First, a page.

Definitely worthwhile the trip, bigger than Copan Ruinas in Honduras, but mostly due to its setting right in the heart of a jungle, it´s not hard to imagine how for many years the Mayans lived here during their empire.
Back in town I spent the rest of my day lazing
at the lake and swimming. Met two French who had bought a camper in California and driven it down to Guatemala through mexico. The guy was in a wheelchair too! Another guy from Cali was camping out at the same spot, sleeping in a smal tent. Pretty neat. (and cheap!)
While walking through town that evening I met the Ozzie ladies again and chatted a bit with them. For dinner I shared a table with a few Canadians who gave me loads of tips on work etc. for when I´m heading to Canada in May. It was a cheap dinner, Q15 only with a nice chickenleg, rice and tortillas.
My third and last day in El Remate I got up early (again) and walked north along the lake to the Cerro Cahui Biotopa Reserva
which opened at 7 am so I had to wait a little before the gates were opened and I could pay the Q40 entree fee. It took a mere one and a half hours to the second of the two lookouts, with again, the screams of howler monkeys everywhere around you. Stunning views of the small town of El Remate, the Péten Itza lake and
the lagoon behind it.
I just sat there smoking a sigarette and drinking water, being warmed by the rising sun.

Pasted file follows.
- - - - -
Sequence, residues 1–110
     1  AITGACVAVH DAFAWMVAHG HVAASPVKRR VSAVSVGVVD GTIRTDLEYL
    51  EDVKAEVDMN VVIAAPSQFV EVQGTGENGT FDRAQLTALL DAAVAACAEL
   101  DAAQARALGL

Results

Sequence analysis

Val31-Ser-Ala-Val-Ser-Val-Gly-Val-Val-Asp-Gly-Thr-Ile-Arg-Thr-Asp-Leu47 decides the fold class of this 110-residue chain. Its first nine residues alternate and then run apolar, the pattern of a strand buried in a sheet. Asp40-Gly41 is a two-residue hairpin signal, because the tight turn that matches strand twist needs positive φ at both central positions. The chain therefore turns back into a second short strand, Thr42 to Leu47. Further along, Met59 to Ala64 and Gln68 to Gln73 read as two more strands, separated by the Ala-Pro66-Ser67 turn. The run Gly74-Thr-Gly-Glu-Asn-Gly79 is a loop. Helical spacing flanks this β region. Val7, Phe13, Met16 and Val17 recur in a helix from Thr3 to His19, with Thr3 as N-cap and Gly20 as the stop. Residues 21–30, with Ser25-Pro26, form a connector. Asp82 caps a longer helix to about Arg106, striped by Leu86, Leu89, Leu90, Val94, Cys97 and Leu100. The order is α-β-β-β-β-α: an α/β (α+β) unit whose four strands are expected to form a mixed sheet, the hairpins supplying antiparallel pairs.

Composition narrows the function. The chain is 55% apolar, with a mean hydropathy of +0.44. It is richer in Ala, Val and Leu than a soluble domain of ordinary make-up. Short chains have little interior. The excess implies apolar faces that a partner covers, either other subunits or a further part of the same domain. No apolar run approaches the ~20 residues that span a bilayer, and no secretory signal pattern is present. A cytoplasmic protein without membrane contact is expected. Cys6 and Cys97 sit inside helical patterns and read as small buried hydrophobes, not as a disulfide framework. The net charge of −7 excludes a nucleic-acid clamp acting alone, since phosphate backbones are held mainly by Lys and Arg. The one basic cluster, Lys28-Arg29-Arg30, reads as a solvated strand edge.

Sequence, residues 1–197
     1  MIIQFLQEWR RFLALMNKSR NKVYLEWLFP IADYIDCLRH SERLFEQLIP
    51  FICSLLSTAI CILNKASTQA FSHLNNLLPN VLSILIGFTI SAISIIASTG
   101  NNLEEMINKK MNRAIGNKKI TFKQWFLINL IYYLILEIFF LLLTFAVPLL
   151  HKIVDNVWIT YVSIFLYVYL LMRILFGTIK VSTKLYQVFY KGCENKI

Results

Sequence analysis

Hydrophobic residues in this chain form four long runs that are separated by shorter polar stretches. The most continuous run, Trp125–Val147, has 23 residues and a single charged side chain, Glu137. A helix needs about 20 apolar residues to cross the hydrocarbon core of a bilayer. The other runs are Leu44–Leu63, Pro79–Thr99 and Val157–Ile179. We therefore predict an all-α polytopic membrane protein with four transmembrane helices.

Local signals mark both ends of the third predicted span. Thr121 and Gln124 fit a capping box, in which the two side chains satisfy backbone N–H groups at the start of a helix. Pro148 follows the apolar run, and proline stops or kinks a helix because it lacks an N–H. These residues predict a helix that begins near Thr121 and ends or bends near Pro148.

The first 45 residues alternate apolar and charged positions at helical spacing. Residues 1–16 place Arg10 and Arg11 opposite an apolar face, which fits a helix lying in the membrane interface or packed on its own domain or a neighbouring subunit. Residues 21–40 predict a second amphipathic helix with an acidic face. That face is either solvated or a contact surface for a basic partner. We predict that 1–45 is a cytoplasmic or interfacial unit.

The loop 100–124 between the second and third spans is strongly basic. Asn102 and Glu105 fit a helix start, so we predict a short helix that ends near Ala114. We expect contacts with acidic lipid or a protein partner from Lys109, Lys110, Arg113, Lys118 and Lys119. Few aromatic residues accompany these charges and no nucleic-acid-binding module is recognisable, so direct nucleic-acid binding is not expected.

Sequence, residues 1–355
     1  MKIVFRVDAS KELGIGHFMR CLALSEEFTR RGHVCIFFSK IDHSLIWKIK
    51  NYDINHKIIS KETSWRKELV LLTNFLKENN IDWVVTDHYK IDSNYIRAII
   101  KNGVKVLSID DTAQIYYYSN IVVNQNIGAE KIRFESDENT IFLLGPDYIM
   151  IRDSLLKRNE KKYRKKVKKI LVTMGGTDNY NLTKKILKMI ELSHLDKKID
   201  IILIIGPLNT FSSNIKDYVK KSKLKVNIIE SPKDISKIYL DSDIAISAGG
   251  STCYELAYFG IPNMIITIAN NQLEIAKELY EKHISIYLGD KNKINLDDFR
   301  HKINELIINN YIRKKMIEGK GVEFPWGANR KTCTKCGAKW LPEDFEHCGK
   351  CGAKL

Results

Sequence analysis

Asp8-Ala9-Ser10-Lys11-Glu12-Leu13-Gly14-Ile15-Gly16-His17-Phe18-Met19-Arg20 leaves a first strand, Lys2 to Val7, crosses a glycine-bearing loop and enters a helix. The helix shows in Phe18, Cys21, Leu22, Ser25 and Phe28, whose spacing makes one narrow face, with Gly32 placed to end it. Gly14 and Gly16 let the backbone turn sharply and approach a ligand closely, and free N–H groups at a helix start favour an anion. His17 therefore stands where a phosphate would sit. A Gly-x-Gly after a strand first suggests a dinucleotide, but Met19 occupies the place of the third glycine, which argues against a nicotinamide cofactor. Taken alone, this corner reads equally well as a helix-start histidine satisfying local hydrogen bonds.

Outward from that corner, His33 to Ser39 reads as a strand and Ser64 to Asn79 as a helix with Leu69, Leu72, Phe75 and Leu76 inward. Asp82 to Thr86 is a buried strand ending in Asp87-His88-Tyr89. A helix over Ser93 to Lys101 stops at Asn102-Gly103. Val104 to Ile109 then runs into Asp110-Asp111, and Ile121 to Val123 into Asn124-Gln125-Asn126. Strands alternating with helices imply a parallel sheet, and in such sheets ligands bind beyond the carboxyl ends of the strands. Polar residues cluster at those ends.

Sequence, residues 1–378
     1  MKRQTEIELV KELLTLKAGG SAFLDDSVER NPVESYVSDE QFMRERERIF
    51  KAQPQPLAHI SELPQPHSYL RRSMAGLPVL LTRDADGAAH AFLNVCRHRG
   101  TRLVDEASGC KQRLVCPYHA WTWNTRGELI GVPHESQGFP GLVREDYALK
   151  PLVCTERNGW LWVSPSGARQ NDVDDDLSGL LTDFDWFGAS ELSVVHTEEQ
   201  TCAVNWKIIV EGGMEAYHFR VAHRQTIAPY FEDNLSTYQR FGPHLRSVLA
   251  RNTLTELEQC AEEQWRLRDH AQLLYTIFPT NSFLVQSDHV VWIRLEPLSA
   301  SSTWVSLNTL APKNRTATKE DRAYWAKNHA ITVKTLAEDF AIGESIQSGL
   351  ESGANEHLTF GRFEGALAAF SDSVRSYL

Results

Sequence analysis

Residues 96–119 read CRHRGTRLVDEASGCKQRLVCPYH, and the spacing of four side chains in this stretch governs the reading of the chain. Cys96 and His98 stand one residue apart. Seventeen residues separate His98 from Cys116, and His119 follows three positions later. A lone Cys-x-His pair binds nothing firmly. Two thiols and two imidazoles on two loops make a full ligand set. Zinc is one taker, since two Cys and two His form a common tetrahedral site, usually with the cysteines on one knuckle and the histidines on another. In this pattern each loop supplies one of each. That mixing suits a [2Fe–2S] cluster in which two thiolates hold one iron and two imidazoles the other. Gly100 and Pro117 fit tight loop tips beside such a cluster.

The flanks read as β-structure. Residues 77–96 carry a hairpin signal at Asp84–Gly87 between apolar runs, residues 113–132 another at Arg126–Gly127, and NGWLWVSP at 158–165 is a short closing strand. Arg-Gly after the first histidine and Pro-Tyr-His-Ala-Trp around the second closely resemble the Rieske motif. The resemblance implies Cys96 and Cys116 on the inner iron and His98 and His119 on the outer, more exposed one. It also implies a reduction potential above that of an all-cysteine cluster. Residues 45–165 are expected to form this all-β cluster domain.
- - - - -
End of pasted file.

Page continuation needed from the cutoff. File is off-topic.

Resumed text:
I took my time walking back down the other side of the 3 hour loop, and had a nice omelette for lunch. (Accompanied by a beer, as I had worked so hard he he) I met up with some lovely girls and a guy from Basque country (north Spain) with whom I had an interesting conversation on culture, language and independence. I spent a few hours with them at the lake. As I walked back to my hotel I noticed a large wooden skeletton structure being put up, right in front of the cabins with lake views. So when I saw Umberto, I asked him about it. It seemed a neighbour had decided to build a large bar/club there.... Well, what an idea! I hope he doesn´t succeed in it, it would be a shame of the rooms that Umberto just finished building. I wonder about the safety of the neighbour too, as I heard from a foreign national who had lived in El Remate for about a year already, how another guy, the owner of a previous bar in
or Agouti in English (Tikal Park)
town that started getting drug-related problems, was shot to death! I don´t know if it´s true of course, but that might well be Guatemala for ya..!
The next morning at 8, Umberto´s brand new mini van doubling as a collectivo would drive me to Santa Elena, from where I was going to take a bus to Guatemala city. We picked up a few more people, including the 2 Australian ladies, to whom I will refer from now on as the ´moles´. (Don´t ask) I was able to use a undesignated ATM with my meastro card, so I was able to pay for the reasonably ´luxurious´ bus to the capital. It only stopped once during its 9 hours (it had a very smelly WC on board though) and it was just about dark when we were dropped off in zona 1. Next time from Guatemala city!